Does peacetime allow virtue to flourish? In Horace's holiday ode - a late one - he paints a scene of peacetime prosperity. As Porter shows, it took a lot of work and hard thinking for Horace to be able to create this non-epic, Breugel-like, ``down-to-earth atmosphere.'' No imported erotic or military images disturb the Roman scene. The true test of manliness is at home.
A man can be measured in terms of what he prays for. Behind this little masterpiece is an ecology of the soul. Faunus represents that independent law of nature - ``the environment'' - that we moderns have only lately come to recognize. The second stanza indicates the cost of maintaining a good relationship with Faunus. He deserves our respect.
In the second half of the poem, an almost utopian scene unfolds. It's a marvelous speaking picture of a civilized ideal. In the final stanza, Horace's capacity to keep a straight face is tested. The wolf goes with the sheep, and vindictive ditchdiggers take it out on their old enemy, the earth.
Does Horace smile - or grimace? Oddly, the wolf is somehow more ``real'' than the god Faunus. Given the context, the wolf could well be an image of temporal, not spiritual power - which makes the sheep the unsuspecting Roman citizenry. In any event, this little ode shines with the Horatian polish of irony.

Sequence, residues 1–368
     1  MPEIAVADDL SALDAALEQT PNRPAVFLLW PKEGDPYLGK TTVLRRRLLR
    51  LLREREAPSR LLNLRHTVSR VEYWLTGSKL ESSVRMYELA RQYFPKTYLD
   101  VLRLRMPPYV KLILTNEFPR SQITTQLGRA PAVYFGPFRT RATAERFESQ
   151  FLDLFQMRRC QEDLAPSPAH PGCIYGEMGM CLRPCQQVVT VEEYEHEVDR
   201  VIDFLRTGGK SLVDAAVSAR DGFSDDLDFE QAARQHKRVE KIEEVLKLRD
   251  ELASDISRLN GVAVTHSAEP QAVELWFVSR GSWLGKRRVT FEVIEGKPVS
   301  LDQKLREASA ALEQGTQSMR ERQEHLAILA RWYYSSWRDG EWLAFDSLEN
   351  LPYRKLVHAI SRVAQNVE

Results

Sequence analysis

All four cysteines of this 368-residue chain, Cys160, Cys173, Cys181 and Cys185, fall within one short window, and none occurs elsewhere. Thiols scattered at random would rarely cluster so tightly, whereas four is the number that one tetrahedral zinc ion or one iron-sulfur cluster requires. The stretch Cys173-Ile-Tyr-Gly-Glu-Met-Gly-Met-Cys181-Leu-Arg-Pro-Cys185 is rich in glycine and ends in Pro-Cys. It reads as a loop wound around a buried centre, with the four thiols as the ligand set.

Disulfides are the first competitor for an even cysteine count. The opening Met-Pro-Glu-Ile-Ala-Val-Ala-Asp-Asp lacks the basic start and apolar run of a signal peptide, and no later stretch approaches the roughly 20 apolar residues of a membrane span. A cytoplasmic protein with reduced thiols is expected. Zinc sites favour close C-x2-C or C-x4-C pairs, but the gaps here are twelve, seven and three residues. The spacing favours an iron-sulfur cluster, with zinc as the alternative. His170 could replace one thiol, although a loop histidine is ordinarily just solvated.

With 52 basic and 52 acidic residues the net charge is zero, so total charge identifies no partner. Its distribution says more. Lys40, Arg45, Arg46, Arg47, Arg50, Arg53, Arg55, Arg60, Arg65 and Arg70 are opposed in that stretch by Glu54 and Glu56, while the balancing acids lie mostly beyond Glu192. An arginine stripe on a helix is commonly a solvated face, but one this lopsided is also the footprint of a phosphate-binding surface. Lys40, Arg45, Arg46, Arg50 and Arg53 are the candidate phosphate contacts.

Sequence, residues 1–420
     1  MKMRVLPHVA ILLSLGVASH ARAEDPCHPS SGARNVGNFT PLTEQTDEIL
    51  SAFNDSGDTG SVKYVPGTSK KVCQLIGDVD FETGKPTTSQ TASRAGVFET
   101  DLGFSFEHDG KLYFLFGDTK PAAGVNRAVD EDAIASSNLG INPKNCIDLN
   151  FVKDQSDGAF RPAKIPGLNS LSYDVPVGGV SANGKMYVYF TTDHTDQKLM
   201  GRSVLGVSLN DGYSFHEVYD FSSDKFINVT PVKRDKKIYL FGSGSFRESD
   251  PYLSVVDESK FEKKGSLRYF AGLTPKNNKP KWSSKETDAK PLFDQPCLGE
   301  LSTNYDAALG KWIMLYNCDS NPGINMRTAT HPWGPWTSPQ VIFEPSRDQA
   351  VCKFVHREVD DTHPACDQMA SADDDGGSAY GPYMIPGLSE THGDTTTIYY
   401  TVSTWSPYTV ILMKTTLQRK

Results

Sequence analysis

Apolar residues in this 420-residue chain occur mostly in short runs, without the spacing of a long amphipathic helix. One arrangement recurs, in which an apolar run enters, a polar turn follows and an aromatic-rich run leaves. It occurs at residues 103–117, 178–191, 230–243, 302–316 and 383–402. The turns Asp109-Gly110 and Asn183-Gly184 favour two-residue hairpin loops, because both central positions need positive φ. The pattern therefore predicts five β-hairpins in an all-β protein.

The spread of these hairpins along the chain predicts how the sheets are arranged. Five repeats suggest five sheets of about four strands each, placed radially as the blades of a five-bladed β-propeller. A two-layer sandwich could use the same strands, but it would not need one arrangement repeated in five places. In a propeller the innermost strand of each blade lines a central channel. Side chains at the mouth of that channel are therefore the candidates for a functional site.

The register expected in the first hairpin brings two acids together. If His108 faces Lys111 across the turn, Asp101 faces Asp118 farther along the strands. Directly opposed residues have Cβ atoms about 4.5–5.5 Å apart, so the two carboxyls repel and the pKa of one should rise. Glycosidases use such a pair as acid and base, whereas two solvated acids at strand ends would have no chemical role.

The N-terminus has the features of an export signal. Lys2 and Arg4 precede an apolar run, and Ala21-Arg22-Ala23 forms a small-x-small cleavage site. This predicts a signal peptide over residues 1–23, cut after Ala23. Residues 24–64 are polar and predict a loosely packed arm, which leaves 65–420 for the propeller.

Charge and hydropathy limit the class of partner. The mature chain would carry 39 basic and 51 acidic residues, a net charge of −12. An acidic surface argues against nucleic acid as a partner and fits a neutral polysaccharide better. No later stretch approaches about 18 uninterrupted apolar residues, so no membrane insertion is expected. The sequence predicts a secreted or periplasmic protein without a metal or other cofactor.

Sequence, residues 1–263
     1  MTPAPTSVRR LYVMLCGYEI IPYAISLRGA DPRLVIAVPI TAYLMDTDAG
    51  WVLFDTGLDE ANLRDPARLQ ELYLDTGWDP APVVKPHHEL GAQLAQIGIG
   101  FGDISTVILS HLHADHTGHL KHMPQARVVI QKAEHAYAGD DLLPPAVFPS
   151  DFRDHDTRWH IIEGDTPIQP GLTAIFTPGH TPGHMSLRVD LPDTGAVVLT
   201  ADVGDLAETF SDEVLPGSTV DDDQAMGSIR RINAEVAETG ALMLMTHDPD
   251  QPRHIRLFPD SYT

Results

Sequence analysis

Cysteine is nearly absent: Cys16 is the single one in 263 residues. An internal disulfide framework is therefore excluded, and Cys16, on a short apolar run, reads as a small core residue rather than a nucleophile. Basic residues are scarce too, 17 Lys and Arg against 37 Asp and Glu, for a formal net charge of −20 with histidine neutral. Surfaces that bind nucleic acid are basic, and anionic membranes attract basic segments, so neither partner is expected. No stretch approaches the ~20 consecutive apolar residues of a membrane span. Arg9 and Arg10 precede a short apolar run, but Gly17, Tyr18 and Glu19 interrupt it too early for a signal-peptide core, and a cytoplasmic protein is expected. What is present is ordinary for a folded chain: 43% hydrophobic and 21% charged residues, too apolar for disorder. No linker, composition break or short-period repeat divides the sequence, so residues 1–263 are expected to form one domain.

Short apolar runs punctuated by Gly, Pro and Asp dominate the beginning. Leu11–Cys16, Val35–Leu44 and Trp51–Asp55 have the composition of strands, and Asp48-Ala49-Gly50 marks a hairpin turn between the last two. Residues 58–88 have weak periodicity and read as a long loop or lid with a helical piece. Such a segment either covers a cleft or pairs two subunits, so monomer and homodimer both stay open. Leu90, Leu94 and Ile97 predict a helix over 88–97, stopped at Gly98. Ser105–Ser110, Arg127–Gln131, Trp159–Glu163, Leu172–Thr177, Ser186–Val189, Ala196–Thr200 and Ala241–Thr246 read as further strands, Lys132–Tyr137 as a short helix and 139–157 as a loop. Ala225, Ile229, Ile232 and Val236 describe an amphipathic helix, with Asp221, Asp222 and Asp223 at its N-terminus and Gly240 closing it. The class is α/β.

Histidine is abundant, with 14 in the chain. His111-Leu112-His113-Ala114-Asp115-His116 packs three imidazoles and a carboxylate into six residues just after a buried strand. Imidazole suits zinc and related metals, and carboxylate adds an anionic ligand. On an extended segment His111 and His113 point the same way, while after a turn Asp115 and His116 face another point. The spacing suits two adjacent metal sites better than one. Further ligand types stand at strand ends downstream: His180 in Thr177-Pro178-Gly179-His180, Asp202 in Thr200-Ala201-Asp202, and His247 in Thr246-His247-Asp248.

Nothing mars the refinement of Horace's holiday ode, and nothing spoils the peace. A precarious balance is secured through art. There's no escape into proud visions of international hegemony, no fantasy of erotic domination. While not one of Horace's great poems, it conveys the sanity Horace finally achieved.
Porter's Horace is a model citizen in peacetime. He's also very funny and very wise. Which is what he has always been taken to be, a true humanist hero.
And reason enough to learn Latin any day.
Thomas D'Evelyn is the Monitor's book editor.
Horace's holiday ode, III 18 Sly lover of shy nymphs, Faunus, will you pass my gates, over my sunny fields, and not touch the nurslings if we kill a tender year old and keep the punch bowl full and the old altar smoking with piles of incense... The herd romps on the green as your winter day returns, and villagers feast in the meadow with the resting oxen. A wolf rubs shoulders with bold sheep, the oak sheds leaves for you, and farmhands do a three-step on the odious earth.